Daily Show alum Jordan Klepper valiantly tries to reclaim 'moron' as a badge of honor for Trump supporters
There are new developments in the "war on Trump," Jordan Klepper said Monday on The Opposition, his faux alt-right Daily Show spinoff. He began with the opposition to President Trump's move to decertify the Iran nuclear deal. "That's right, certification is for suckers," Klepper said, "a belief I hold to this day in spite of how many lifeguard jobs it cost me." But the pushback against Trump was coming from within, including from his top generals and Cabinet officials. "Now it's clear who Trump's biggest enemy is — friends," Klepper said. "Friends who are the enemies — let's call them 'frenemies,' a word I just made up."
Trump's frenemies treat him like a "chump," Klepper said, running through the Rex Tillerson "moron" flap, and "I'm sick of this. Trump has done everything for these people. He picked them, seemingly at random, for positions of great importance, and now they're calling Trump a moron? Then I'm calling moron a compliment! What, you think 'nasty women' are the only ones who can turn insults into a rallying cry?" Apparently not — and Klepper brought T-shirts to prove it. You can watch his impassioned rallying cry below. Peter Weber
President Trump held a big signing ceremony Thursday for his executive order to undermine ObamaCare, but he forgot one small thing, Stephen Colbert showed on The Late Show. "That is troubling — at the signing he forgot to do the signing. But on the plus side, let's hope he forgets the launch codes." The rest of his monologue was dedicated to Trump's pitch for his tax plan on Wednesday night, in front of a group of truckers in Pennsylvania.
Trump summarized his tax plan with two words, "huge, rocket," which left Colbert confused. But Trump clarified a bit, explaining that some business taxes will be at an 80-year low when he's done. "Yes, bottom line: He's taking our tax plan back more than 80 years, to the 1930s, the era that will forever be known as the Great Happiness," Colbert said. "And the president came down hard on the tax that truckers hate the most: the one that only applies to dying millionaires," the estate tax. Out of about 186,000 working trucking companies, roughly 30 would be helped by repealing the estate tax — which applies to individuals worth $5.5 million or couples worth $11 million — he said. "So who are these elite truckers?" Well, he found one:
Colbert also subbed himself in for Sean Hannity in Hannity's pre-rally interview of Trump. You can watch that below. Peter Weber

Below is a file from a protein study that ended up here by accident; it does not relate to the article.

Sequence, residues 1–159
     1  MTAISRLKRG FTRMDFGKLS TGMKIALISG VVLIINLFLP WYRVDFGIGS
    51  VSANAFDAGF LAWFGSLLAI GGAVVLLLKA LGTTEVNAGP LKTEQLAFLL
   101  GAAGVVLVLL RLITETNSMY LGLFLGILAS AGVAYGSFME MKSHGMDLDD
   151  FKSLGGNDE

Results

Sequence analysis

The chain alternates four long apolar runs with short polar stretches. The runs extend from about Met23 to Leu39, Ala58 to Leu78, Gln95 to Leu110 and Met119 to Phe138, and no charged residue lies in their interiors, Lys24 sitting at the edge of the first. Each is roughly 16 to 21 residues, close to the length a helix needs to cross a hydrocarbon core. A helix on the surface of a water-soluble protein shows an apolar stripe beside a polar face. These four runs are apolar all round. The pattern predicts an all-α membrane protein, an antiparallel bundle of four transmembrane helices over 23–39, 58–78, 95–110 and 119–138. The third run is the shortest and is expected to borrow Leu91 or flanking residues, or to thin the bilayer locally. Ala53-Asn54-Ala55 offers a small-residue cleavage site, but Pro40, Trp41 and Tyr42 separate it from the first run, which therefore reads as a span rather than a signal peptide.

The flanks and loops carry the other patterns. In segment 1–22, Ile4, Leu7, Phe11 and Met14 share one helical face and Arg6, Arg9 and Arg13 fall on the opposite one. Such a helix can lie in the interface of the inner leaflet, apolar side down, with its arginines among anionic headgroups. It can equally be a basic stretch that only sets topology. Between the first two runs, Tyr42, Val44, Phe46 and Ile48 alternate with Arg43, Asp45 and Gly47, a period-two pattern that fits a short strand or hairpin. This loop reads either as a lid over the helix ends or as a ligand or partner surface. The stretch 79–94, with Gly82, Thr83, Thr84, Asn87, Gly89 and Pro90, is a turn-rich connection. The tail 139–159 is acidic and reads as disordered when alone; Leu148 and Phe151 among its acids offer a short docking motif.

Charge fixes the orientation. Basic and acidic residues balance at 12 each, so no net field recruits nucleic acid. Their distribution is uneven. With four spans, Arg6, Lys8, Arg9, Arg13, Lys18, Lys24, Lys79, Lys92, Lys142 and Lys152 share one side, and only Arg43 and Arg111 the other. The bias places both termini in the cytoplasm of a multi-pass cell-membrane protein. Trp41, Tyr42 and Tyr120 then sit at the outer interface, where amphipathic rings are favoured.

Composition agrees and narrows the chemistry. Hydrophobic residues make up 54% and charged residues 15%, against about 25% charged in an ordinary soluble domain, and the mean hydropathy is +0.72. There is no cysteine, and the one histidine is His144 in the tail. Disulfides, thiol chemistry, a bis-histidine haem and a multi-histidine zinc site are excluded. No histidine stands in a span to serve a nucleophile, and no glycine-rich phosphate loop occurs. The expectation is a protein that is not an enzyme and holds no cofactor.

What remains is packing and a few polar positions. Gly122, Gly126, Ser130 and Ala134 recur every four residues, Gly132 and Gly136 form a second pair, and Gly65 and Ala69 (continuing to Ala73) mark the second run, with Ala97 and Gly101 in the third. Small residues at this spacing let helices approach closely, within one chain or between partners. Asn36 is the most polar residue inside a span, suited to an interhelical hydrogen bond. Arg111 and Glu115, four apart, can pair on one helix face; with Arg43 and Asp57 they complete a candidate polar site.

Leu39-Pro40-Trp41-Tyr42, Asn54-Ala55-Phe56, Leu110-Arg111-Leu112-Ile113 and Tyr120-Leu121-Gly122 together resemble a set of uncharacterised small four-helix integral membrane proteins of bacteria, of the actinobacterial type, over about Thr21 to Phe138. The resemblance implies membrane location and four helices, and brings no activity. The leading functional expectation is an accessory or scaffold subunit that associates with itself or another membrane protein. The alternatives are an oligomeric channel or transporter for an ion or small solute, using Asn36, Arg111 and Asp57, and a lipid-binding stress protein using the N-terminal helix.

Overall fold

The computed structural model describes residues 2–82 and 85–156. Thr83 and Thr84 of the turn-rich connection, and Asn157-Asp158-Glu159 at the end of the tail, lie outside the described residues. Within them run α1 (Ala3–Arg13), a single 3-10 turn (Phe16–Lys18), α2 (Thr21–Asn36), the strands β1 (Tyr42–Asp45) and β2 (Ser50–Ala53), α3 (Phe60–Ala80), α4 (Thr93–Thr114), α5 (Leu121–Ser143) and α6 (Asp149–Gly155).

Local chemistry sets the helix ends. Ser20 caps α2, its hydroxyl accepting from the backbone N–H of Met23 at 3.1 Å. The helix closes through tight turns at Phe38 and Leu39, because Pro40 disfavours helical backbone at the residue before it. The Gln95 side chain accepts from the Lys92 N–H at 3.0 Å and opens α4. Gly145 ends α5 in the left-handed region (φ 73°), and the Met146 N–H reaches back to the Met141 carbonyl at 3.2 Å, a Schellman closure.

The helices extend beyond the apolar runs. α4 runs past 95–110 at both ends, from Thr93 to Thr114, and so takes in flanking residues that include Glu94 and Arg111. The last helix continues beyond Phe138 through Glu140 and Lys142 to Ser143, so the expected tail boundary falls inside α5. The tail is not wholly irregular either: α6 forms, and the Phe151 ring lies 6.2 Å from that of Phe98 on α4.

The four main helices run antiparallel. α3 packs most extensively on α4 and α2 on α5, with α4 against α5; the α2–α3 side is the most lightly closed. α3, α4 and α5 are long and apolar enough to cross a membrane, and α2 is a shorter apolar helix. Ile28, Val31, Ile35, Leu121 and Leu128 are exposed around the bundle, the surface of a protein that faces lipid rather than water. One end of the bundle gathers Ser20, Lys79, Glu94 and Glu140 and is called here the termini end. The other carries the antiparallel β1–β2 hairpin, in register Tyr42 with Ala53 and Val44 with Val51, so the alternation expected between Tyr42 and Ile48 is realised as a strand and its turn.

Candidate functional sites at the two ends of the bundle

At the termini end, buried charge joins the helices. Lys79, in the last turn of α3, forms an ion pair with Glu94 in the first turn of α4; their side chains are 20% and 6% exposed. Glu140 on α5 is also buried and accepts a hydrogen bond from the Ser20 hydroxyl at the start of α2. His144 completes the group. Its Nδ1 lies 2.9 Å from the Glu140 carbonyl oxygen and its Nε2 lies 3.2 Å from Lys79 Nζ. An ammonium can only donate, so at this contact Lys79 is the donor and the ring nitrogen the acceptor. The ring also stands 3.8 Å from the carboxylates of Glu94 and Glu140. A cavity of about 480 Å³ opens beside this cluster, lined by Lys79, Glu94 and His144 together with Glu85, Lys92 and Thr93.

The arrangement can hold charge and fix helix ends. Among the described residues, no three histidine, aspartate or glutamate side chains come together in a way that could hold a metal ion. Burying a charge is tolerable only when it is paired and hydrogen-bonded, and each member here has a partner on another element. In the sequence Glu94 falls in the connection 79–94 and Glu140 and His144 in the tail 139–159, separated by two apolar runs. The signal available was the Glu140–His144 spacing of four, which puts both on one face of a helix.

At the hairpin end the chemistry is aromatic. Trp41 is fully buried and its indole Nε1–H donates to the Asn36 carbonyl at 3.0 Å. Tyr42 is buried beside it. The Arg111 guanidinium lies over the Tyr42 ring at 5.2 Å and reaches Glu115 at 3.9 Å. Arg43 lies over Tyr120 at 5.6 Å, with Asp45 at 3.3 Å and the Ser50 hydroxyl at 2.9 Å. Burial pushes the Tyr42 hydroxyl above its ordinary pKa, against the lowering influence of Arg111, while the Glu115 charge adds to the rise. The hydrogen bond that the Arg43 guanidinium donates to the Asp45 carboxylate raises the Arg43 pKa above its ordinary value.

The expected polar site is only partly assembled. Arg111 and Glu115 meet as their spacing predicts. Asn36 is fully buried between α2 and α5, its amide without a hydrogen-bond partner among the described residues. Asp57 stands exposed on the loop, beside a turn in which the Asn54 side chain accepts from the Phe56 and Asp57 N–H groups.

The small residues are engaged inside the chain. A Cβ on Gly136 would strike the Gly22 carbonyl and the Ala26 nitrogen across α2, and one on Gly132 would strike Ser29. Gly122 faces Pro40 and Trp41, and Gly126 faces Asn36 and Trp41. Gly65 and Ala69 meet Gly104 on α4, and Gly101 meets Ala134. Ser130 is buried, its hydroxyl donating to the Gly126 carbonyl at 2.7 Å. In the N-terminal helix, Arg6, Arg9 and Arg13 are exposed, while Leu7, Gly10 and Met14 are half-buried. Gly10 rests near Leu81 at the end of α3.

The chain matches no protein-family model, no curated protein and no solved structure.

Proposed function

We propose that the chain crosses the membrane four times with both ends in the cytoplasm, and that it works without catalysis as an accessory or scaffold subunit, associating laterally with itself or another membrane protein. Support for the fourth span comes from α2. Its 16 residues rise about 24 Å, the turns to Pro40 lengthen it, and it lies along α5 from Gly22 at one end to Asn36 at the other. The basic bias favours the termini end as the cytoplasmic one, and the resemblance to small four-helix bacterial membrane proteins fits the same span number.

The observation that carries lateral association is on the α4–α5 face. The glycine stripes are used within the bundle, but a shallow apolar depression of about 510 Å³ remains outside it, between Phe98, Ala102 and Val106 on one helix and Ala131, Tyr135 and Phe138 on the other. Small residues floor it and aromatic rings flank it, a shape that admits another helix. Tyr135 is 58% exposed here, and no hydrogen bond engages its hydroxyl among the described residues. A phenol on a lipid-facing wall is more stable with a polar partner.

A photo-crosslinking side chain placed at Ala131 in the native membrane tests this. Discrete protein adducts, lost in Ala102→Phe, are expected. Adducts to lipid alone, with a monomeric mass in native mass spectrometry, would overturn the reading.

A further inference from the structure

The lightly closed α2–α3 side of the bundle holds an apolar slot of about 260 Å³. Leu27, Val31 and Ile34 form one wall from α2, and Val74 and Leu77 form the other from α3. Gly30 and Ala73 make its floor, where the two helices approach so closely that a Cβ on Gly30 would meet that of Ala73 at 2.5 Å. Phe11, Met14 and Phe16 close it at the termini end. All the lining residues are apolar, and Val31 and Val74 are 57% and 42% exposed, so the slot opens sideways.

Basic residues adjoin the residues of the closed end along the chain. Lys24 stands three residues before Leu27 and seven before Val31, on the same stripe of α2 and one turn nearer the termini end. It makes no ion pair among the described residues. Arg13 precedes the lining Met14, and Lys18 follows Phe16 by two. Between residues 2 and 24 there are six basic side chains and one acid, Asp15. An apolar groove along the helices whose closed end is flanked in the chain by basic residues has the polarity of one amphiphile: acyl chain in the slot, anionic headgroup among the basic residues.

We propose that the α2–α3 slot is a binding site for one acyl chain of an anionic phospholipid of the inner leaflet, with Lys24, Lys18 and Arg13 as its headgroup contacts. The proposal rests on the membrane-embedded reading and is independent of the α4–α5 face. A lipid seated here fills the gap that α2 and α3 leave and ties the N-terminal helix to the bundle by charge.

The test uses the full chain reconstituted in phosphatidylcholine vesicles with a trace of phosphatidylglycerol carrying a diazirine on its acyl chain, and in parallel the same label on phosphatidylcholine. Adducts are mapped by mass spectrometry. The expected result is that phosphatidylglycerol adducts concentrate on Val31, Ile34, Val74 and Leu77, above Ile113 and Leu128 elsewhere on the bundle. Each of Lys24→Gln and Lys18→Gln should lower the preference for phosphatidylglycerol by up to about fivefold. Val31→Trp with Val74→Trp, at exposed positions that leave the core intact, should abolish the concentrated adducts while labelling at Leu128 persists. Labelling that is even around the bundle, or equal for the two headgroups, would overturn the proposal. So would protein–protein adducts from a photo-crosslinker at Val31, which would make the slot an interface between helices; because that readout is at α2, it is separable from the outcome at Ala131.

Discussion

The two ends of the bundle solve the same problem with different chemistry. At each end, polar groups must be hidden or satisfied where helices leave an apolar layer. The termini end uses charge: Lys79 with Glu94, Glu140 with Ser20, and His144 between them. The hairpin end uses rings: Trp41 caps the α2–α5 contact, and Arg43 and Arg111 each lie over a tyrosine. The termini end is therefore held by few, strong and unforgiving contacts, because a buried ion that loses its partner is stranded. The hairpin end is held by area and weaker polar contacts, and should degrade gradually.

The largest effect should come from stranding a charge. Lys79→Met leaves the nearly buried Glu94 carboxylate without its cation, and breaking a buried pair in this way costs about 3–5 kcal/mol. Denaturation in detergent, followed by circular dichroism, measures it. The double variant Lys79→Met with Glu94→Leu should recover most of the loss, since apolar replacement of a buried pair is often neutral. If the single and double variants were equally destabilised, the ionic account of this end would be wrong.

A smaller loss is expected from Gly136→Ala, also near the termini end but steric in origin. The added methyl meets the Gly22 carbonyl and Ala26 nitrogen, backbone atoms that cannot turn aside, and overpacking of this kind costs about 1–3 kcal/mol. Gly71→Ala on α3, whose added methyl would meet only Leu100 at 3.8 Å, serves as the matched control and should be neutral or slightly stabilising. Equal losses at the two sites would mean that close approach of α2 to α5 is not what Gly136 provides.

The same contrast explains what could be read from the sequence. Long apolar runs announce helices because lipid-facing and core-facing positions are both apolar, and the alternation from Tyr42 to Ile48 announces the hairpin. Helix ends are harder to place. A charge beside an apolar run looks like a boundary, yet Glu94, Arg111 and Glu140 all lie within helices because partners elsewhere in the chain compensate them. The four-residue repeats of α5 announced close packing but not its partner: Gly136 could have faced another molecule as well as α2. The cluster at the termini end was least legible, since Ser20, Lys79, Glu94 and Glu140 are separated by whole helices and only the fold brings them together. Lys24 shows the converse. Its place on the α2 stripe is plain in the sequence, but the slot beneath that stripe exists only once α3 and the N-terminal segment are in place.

"It has been a rough start to the school year for Donald Trump," Stephen Colbert said on Tuesday's Late Show. "His report card is definitely gonna say, 'Has problems working and playing well with others.'" Not that we can do much about, he shrugged. "The Oval Office doesn't have any corners, you can't put him in a time out." Trump's "open warfare" with the Republican Party started with Secretary of State Rex Tillerson's attempt to prevent open warfare with North Korea, Colbert said, and it went downhill from there.
Tuesday's news is that Trump challenged Tillerson to an IQ duel. Colbert showed some exclusive results of that contest. But Sen. Bob Corker (R-Tenn.) has also tagged in with some "bowel-loosening opinions about our president," including that if Trump isn't "contained" by his aides, his tweets could lead us "toward World War III," Colbert said. "All this time we've been worried the next war would be caused by artificial intelligence. Turns out the real danger is natural stupidity. I'll miss us." Trump's aides and former employees reportedly treat him like a toddler, too, Colbert said, offering his own distraction for Trump.
Jimmy Kimmel also had a chuckle at Trump's proposed IQ battle. "No intelligent person would get into an IQ contest with his own secretary of state, right? Just that rules you out right there," he said. But "I would definitely order pay-per-view, I would pay $100 to watch Rex Tillerson and Donald Trump take IQ tests against each other, make no mistake. And I guarantee you, the next day Kellyanne Conway would be on TV explaining that IQ tests are like golf: the lower the number, the better the score." At least one person argues that Trump is smart, though, and Kimmel played the Trump highlight reel. Peter Weber
"Today is Columbus Day," Jimmy Fallon noted on Monday's Tonight Show, adding that some cities are now calling it "Indigenous Peoples Day." Well, he said, "most people said call it whatever you want as long as we get a mattress for 30 percent off." The jokes got better. President Trump marked the day by calling Columbus a "skilled navigator," Fallon continued. "Then at his Comi-Con speech he called Darth Vader a 'good dad.'" He played footage of Trump apparently claiming to have invented the word "fake," quipping: "Fake? What better way to celebrate Columbus Day than pretending you discovered something?"
Fallon turned to the Twitter fight between Trump and Sen. Bob Corker, ending with Corker's sick burn. "Now, a lot of people don't know this, but the White House does actually have an adult day-care center," he said, "and we have the director, Wendy Walker, here to talk about it." After that interview, he had one joke on Harvey Weinstein being fired from The Weinstein Company, involving Fox News.
Also on Monday's show, Tyler Perry donned his Madea character and became press secretary to Fallon's President Trump. Watch below. Peter Weber
Jon Stewart and Stephen Colbert try to give Trump 'equal time' in hilariously ill-fated point-counterpoint
Amid all of President Trump's complaining about Sen. Bob Corker and "fake news," "I'm kind of proud the president saved just a little complaining for us talk-show hosts," Stephen Colbert said on Monday's Late Show. He read Trump's tweet about "Late Night hosts ... dealing with the Democrats for their very 'unfunny' & repetitive material, always anti-Trump!" Colbert found the "unfunny" quotes funny, and had an answer for Trump's follow-up question about whether he should "get Equal Time?": "No. That's not how this works. You're the president, we make fun of you."